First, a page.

This page was last modified on 18 July 2022

Recordings on YouTube

On 6 March 2011 I tried creating a uni-framed video with a soundtrack that comprised the actual audio I wished to publish, and uploaded it to YouTube. This method seemed quite satisfactory so I have adopted this method for future audio clips (and re-publication of old ones).

Please switch on Annotations to see a textual commentary as the clip progresses.

Introduction to the sound-effects

I am a musician, and am perhaps more inclined than some to recognise and enjoy some of the many sounds to be heard in everyday life. For instance, I find that memories need not just be represented by photographs: sound-recordings can instantly transport a person (whose eyes are closed, for best results!) to the situation where the recording was made. Several of you (mostly from “across the pond” in the USA) have written to me to comment on how my recordings of the London Underground brought memories of a not-so-recent visit to London flooding back to you.

As a young child I used to mess around with a beaten-up (1) Sony Cassette-Corder; at the suggestion of—and with the guidance of— my brother I took it along when my parents went to use a large astronomical telescope on a mountain in California (which, being ancient, made many interesting and distinctive noises) for the last time. Pretty soon I was making various other home-made tapes, including covert recordings entitled Mealtimes with Granny (!) and such-like, which have proved surprisingly entertaining (and revealing!) in their own way, decades later.

One thing led to another, and in late April 1998 I bought a MiniDisc recorder with the specific aim of making better-quality recordings of the “Hastings” DEMU (see the Hastings Diesels Ltd website). My MD-recorder soon got used for recording many other types of sounds (see, for instance, my Concorde page!).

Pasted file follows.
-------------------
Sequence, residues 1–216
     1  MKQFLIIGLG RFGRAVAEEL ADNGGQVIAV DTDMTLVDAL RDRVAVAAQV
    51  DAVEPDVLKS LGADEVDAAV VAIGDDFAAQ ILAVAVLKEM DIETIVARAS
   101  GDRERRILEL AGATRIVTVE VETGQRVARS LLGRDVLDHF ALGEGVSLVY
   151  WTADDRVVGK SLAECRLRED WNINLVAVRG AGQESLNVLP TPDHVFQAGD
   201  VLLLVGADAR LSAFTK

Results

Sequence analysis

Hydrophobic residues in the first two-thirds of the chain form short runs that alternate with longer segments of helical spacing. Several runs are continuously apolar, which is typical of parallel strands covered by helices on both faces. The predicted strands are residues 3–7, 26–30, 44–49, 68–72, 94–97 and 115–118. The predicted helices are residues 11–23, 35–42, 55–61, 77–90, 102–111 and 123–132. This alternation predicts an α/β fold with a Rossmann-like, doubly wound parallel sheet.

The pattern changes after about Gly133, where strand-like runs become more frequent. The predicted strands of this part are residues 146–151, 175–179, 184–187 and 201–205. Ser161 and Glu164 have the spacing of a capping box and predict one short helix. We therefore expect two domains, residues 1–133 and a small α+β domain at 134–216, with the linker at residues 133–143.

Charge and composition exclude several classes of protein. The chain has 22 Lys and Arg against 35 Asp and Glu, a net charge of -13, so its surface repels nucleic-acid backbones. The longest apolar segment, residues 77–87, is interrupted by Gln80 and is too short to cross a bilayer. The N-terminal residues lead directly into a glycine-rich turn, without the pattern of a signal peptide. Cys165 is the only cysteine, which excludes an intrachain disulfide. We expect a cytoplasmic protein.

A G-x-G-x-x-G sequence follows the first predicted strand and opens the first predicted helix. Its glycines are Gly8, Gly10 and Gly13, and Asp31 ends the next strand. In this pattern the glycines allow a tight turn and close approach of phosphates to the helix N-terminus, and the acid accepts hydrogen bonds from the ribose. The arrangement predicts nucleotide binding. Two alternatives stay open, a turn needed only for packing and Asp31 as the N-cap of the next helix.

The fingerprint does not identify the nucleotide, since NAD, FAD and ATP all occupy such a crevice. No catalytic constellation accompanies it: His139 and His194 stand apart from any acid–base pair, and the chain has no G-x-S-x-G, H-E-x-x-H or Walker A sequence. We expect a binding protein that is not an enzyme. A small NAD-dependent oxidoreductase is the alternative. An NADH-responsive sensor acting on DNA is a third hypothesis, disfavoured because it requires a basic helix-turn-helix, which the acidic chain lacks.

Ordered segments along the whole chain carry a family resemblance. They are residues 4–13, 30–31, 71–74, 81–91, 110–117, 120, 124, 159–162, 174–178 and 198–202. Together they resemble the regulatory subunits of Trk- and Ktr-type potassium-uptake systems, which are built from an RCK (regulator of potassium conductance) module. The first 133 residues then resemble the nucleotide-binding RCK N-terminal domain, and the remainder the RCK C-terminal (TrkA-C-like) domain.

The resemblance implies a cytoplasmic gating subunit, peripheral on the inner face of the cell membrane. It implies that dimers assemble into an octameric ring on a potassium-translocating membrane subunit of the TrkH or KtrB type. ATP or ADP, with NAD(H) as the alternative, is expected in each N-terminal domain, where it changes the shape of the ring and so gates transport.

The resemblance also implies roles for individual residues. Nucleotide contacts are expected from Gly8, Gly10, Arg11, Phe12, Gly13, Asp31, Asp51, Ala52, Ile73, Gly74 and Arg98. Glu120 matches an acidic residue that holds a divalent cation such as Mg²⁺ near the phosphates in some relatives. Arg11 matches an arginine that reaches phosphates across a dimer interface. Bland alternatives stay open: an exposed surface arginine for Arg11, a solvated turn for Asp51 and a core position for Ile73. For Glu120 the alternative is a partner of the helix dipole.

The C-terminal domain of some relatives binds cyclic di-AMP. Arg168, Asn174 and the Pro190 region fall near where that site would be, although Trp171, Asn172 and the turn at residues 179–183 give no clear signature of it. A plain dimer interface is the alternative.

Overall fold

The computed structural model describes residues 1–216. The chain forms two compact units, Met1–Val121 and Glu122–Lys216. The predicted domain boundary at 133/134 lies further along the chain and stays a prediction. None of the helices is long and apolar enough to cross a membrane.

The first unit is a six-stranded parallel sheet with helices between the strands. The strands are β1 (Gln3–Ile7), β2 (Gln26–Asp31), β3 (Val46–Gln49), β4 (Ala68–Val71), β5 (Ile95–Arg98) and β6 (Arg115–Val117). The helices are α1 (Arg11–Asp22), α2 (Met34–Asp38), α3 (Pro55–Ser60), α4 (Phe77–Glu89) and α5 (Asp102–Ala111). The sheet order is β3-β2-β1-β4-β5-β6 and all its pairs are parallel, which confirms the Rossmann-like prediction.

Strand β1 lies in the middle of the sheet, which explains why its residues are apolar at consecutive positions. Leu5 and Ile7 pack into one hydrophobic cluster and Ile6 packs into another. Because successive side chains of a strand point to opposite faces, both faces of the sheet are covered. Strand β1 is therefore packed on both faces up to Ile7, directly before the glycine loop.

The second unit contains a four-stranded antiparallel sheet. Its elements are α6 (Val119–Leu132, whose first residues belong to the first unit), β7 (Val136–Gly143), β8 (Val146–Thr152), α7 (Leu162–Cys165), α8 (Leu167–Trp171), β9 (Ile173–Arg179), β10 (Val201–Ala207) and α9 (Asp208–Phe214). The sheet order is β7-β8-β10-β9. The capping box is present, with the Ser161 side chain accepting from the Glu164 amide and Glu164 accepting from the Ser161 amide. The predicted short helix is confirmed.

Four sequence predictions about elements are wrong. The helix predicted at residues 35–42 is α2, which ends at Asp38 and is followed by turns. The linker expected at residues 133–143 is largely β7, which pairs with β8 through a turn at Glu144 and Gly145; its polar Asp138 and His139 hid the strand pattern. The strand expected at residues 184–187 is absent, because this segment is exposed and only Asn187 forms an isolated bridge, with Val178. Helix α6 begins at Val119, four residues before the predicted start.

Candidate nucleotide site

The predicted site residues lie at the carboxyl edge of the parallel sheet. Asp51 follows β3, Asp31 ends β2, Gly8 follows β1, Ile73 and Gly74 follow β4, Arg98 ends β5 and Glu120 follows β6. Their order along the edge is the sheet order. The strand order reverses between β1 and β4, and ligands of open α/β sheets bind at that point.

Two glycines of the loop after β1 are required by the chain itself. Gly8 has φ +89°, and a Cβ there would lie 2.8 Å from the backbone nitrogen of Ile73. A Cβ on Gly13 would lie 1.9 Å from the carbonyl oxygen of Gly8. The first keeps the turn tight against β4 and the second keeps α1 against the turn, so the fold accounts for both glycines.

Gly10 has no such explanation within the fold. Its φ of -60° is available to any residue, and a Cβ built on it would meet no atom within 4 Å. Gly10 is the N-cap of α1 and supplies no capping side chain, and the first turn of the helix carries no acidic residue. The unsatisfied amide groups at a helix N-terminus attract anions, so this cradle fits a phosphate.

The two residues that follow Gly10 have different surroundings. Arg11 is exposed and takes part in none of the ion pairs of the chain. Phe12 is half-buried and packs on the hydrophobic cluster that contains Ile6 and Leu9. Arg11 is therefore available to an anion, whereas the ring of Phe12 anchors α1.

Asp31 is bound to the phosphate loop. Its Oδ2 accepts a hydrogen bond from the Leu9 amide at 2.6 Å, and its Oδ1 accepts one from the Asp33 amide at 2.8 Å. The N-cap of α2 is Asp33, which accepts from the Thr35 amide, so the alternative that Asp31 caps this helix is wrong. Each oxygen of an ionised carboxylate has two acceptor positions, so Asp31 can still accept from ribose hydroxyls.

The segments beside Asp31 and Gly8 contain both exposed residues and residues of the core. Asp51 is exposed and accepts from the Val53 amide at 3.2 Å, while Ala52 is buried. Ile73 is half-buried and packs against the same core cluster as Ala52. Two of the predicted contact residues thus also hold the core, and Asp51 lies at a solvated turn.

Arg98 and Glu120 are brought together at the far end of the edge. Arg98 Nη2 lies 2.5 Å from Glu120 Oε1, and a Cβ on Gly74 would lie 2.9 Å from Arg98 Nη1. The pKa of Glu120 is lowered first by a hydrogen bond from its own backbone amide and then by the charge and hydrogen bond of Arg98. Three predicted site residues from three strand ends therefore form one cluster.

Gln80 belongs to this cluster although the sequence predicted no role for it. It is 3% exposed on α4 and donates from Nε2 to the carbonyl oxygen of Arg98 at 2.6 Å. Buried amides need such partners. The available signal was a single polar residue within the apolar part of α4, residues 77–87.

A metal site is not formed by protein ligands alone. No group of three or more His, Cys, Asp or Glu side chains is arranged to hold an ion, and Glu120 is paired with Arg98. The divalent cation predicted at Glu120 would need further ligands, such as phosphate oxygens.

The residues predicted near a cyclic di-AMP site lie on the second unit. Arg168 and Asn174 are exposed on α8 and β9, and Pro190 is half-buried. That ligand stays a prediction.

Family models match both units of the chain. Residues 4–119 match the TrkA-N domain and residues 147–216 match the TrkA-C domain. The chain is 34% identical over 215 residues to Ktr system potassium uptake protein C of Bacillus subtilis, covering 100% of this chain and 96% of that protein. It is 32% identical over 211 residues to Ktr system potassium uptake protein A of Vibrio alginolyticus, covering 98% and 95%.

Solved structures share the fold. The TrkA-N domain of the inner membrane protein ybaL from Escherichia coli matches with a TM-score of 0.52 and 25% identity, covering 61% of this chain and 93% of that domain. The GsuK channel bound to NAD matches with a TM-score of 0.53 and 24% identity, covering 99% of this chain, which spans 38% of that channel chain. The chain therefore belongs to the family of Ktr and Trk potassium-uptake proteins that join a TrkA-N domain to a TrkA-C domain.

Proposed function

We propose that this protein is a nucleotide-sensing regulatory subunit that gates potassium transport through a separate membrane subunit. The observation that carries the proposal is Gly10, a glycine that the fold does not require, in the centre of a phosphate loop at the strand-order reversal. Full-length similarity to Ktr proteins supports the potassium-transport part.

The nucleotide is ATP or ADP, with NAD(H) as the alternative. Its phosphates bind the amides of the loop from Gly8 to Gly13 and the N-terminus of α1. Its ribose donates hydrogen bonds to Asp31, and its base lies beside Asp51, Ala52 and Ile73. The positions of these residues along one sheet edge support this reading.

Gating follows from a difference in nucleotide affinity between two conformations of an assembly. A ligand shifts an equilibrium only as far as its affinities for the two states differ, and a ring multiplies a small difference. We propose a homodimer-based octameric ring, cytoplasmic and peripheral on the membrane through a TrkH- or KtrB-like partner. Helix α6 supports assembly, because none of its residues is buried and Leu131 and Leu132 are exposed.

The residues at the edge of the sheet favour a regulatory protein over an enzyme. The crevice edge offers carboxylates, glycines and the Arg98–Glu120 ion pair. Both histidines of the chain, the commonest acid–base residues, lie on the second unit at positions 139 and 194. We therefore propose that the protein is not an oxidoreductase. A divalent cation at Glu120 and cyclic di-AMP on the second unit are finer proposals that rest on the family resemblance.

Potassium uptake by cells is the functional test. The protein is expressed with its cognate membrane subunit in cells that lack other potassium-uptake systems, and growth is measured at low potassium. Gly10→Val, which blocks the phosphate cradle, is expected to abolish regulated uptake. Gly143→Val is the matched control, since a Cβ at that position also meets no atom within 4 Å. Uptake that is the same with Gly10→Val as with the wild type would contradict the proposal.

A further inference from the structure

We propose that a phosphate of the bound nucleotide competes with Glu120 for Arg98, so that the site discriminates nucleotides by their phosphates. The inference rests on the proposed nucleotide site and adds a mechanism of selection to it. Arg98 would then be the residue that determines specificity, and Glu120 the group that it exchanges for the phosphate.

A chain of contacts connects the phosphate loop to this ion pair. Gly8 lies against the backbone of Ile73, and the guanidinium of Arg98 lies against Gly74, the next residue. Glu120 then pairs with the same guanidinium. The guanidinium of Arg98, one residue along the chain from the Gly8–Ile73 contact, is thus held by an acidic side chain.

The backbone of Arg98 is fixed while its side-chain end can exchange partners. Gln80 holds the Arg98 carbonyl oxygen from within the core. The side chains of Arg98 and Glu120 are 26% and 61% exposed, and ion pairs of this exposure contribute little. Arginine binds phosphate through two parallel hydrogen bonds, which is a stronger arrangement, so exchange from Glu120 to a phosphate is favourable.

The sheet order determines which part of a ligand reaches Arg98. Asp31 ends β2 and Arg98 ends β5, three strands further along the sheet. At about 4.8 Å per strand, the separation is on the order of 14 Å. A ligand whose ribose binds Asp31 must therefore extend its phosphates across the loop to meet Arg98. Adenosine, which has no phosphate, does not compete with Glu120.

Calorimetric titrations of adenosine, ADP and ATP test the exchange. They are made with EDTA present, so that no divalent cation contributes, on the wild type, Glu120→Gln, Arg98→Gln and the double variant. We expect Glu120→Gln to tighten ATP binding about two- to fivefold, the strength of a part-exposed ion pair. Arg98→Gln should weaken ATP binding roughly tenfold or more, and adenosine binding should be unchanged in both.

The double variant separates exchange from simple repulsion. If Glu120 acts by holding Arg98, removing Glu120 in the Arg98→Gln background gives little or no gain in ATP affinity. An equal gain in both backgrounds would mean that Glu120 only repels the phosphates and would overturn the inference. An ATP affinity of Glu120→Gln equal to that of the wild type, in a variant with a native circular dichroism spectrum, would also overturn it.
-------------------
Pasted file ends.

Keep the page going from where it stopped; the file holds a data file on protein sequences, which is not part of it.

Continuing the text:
This page was created early on, as a place to share some of my earliest recordings that were made when my new ‘toy’ was indeed new. The sound-clips section is very much in need of overhaul and updating of content, but I hope you will find something there to whet your appetite. There are now a couple of recordings on YouTube which may be more encouraging.

The nitty-gritty

All of these recordings were taken by me using a Sony MZ-R30 MiniDisc player/recorder, on Sony or Maxell 74-minute re-recordable MiniDiscs. For the majority of the recordings, I used a Sony stereo electret active microphone, the ECM-MS907 (which was spuriously and wrongly marketed as being “digital”); I’ve been extremely impressed with the quality of its work, and would heartily recommend it to anyone in spite its fairly high cost. For the first three of the old set of sound-clips, I was using a 1970s passive condenser mic, as my new mic took a long time to arrive (end of May 1998).